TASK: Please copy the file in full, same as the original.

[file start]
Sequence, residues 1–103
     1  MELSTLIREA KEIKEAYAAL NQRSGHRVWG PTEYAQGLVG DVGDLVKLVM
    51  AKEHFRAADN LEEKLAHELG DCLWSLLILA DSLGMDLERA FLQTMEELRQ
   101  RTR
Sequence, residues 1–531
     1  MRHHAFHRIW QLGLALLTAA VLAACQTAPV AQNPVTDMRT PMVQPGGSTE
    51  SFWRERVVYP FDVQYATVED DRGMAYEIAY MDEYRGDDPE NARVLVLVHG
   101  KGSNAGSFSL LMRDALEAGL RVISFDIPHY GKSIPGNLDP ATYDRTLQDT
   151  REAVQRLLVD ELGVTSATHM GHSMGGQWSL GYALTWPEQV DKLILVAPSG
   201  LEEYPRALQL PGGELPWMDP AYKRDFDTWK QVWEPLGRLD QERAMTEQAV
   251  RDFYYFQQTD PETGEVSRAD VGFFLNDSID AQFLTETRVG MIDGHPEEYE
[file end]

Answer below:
Sequence, residues 1–103
     1  MELSTLIREA KEIKEAYAAL NQRSGHRVWG PTEYAQGLVG DVGDLVKLVM
    51  AKEHFRAADN LEEKLAHELG DCLWSLLILA DSLGMDLERA FLQTMEELRQ
   101  RTR
Sequence, residues 1–531
     1  MRHHAFHRIW QLGLALLTAA VLAACQTAPV AQNPVTDMRT PMVQPGGSTE
    51  SFWRERVVYP FDVQYATVED DRGMAYEIAY MDEYRGDDPE NARVLVLVHG
   101  KGSNAGSFSL LMRDALEAGL RVISFDIPHY GKSIPGNLDP ATYDRTLQDT
   151  REAVQRLLVD ELGVTSATHM GHSMGGQWSL GYALTWPEQV DKLILVAPSG
   201  LEEYPRALQL PGGELPWMDP AYKRDFDTWK QVWEPLGRLD QERAMTEQAV
   251  RDFYYFQQTD PETGEVSRAD VGFFLNDSID AQFLTETRVG MIDGHPEEYE